There’s still good chance the company is going to post a loss for the year, however, with analysts predicting over $3.00 loss per share. This is despite U.S. consumers spending nearly 50 percent more online in 2020.

Some analysts believe Wayfair may be overvalued by at least half. Let’s look at why.

Is Wayfair Valuation Too High?

Wayfair’s IPO occurred on August 15, 2014. It raised over $300 million at a price of $29 per share.

In the fourth quarter of 2020, W share price is trading at a price hovering around $300, with a market cap of nearly $30 billion. This is over three times the company’s $9.127 billion of net revenue in 2019, and the company earned $11.474 in the 12 months leading up to the most recent earnings report.

These increases are a welcome change for investors, and it will help pay for the company’s aggressive expansion plans.

Investors are split on whether the company is valued too high, with some rating it as a strong Buy. Others feel the company will deflate now that people have bought what they need and are heading toward the end of government stimulus packages.

When this happens, a percentage of people may end up homeless, negating the need for home furnishings. The market is also heading for a recession, so it’s possible the stock will deflate, but will it pop?

Will Wayfair Stock Drop?

Wayfair is experiencing a record high market value, and its profits aren’t necessarily matching.

In fact, the company posted quarterly losses consistently since its 2014 IPO, and a lot of its operating costs are poured into marketing.

The company spends over $1 billion a year in marketing to keep its customer base coming through. This is how it continues operating at a loss and needs loans to maintain liquidity, and there’s a good chance sales will slow with the economy next year.

Much of the growth it saw in the second quarter correlated with the government stimulus checks in the amount of $1200. On top of this, people received a variety of economic stimuli that fueled spending through the end of the year, but belts will tighten in 2021.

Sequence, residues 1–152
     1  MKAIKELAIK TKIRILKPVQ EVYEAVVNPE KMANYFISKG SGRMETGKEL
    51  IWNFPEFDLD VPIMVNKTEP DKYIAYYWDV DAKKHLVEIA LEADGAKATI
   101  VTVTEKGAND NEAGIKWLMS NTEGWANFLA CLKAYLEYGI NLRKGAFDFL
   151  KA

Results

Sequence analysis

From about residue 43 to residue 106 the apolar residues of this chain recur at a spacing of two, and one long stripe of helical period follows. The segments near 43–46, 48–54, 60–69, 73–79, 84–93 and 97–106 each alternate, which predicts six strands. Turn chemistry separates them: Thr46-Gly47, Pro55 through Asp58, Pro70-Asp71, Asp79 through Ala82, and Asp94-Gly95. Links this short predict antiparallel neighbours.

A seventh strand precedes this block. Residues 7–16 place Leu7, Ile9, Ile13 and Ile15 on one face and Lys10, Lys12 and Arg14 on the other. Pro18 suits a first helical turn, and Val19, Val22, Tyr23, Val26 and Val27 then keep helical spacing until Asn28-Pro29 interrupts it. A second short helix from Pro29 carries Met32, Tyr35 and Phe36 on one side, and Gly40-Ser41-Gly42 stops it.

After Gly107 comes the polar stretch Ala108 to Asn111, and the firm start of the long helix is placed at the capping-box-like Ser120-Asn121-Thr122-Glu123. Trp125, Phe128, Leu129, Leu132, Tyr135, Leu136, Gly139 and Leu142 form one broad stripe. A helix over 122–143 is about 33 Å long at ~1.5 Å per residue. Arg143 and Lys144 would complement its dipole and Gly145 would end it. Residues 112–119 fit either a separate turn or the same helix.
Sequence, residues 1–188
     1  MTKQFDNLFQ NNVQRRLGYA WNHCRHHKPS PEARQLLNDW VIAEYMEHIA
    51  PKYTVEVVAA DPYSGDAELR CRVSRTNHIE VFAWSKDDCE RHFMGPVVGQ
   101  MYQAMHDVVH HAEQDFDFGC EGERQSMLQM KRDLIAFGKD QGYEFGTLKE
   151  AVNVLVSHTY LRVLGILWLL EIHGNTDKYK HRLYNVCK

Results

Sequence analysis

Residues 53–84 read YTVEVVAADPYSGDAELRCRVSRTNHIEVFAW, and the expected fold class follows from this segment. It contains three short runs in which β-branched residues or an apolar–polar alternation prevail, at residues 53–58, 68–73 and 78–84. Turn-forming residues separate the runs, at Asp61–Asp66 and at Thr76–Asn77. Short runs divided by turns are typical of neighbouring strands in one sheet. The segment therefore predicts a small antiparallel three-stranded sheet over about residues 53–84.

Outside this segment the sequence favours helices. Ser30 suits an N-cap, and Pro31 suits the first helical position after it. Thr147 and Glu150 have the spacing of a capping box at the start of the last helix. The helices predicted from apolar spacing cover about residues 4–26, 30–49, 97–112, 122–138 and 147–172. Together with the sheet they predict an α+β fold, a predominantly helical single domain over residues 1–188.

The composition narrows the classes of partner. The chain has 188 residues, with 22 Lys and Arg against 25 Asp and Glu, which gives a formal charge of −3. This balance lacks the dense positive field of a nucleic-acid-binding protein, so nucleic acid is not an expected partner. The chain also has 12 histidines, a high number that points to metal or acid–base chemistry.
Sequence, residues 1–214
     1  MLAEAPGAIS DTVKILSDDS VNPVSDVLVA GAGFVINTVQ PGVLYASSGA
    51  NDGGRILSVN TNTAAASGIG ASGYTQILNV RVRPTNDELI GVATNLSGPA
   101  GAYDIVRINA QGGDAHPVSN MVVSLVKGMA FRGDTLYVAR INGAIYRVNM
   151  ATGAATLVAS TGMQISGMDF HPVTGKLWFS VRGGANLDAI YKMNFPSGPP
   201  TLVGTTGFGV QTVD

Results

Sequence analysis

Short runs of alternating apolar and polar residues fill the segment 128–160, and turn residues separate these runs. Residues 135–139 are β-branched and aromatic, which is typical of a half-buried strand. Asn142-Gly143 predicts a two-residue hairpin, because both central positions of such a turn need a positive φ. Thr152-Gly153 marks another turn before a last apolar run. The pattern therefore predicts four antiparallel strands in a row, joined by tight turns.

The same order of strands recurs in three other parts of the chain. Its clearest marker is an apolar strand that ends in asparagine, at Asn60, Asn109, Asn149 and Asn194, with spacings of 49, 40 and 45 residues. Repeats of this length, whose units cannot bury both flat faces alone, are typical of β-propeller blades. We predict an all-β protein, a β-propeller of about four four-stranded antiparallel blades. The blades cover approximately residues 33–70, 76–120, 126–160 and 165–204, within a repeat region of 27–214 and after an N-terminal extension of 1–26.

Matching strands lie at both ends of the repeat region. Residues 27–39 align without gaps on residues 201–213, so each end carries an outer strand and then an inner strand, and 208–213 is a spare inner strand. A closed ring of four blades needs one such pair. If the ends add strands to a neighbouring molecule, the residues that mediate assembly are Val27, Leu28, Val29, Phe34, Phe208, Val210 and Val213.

Is Wayfair Stock Overvalued? The Bottom Line

Wayfair is a go-to for home furnishing, operating a group of ecommerce stores that gained in popularity in the face of the coronavirus pandemic.

The company increased sales, but advertising and marketing costs continue to increase, leaving many wondering if it can maintain its current sales.

It also failed to generate a profit for over 20 straight quarters since going public. The company’s customer base is growing, but they’re spending less on each order.

If the company figures out how to tighten operations and keep customers coming without spending so much on marketing, it can be a strong industry leader.

As it stands, Wayfair is at an all-time high valuation, and it’s still not fully profitable. This isn’t a unique situation (think Uber, Tesla, etc), but it puts the company in a tough position it needs to pull out of over the next five years while the economy shrinks. Buy with caution.

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The author has no position in any of the stocks mentioned. Financhill has a disclosure policy. This post may contain affiliate links or links from our sponsors.